Prices are rising at their fastest clip in years, but the Fed is relaxed because expectations aren’t embedded.
By guest author Justin Lahart from the Wall Street Journal
Inflation might be picking up, but it isn’t like people are singing songs about it.
The Labour Department on Wednesday reported that consumer prices rose 0.6% in April from March, putting them 4.2% above their year-earlier level. Some of that gain on the year was driven by a rise in gasoline prices, but core prices, which exclude food and energy items, rose 0.9% last month and were up 3% from a year earlier. That marked the biggest 12-month rise in core inflation since 1995.
In some respects the pickup in inflation has been both predictable and predicted. Prices dipped in April last year as the Covid-19 crisis shut down much of the country. Now we have come up against the anniversary of those declines. Beyond those so-called base effects, the supply-chain problems brought on by the pandemic have been evident for some time. It wasn’t hard to guess what might happen when the rising demand brought on by a reopening economy met those bottlenecks.
That is why Federal Reserve officials aren’t acting at all alarmed about what is happening with prices. This week several of them have said they expect price gains to pick up this year, but that they don’t believe much of the rise in inflation will persist once the supply-chain snarls have been resolved. The central bank isn’t ready to start reducing its asset purchases yet, much less to think about raising rates.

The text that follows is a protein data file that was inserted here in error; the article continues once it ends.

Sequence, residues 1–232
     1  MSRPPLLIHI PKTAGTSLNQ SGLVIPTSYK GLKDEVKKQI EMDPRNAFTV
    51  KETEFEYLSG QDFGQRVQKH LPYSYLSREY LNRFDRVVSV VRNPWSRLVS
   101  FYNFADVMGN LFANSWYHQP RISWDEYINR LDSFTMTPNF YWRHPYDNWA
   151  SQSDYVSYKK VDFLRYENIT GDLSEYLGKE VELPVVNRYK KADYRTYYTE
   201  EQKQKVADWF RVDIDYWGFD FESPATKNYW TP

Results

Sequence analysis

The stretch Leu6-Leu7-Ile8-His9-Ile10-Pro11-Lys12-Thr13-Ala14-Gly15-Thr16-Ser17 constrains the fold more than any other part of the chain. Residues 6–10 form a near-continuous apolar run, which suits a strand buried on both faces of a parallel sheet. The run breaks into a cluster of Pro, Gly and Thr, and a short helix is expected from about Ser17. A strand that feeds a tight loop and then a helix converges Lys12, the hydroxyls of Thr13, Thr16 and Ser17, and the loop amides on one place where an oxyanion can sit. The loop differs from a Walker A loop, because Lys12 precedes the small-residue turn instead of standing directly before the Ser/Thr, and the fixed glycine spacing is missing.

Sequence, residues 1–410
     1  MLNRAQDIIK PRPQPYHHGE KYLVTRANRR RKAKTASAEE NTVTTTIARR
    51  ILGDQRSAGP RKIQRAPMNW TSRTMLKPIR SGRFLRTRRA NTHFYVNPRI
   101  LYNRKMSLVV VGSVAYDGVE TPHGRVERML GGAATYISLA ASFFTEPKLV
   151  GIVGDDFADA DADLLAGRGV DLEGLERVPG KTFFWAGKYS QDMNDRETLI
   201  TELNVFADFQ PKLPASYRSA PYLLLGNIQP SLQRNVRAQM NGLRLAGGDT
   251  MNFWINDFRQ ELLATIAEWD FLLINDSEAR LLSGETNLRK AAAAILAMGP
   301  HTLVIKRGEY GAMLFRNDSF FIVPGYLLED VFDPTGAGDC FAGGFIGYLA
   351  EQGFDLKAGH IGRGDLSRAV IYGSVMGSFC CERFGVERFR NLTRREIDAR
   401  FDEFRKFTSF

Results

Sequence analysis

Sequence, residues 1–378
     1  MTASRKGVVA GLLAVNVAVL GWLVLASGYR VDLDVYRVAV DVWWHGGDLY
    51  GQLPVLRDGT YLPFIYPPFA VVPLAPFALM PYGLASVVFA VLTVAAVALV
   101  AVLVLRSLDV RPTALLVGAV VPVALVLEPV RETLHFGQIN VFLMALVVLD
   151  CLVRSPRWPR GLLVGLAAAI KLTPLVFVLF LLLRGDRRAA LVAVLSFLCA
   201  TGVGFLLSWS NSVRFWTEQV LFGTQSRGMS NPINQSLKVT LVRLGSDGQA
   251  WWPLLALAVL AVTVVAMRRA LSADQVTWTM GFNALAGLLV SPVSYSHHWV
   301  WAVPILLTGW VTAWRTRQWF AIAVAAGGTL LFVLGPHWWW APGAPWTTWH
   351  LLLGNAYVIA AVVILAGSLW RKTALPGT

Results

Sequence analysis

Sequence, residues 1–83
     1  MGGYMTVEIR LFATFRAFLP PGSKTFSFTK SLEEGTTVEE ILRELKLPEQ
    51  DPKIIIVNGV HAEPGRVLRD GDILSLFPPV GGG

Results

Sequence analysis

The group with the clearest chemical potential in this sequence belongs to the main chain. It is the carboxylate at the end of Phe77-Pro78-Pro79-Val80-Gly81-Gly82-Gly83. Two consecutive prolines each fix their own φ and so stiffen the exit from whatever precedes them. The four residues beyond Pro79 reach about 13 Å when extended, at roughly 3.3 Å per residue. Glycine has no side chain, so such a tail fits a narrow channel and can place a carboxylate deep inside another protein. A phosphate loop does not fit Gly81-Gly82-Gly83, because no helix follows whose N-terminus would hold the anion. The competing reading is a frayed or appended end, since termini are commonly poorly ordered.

Part of why is that, eye-popping as some of the price increases over the past year have been, higher inflation hasn’t embedded itself in consumer psyches. Americans under 60 have next to no experience of what it was like when inflation was such a problem that popular musicians were singing about it, like Marvin Gaye did in 1971 (“Inflation no chance/To increase finance”) and again in 1972 (“The nation’s taxation/Is causin’ all, all this inflation”).
That is what it looks like, or rather, sounds like, when inflation expectations have reached the point where they add to upward price pressures. Moreover, it is a process that takes awhile: The inflation problems of the 1970s had their root in price increases that began to take hold in the mid-1960s.
The other thing to recognise is that, while the Fed doesn’t want people singing about inflation, it might like people to start humming about it a bit more. It has long sought to push its preferred measure of inflation (which runs a bit cooler than the Labour Department’s gauge) to consistently average about 2 %, and to get there it needs consumers’ long-term inflation expectations to rise above the very low levels they have been stuck at for years.
Which isn’t to say prices couldn’t rise more than the Fed expects over the next year. The central bank could easily be underestimating how quickly demand will pick up and how persistent supply-chain problems prove to be, for instance. And if that leads Beyoncé or Taylor Swift to start singing about inflation, watch out.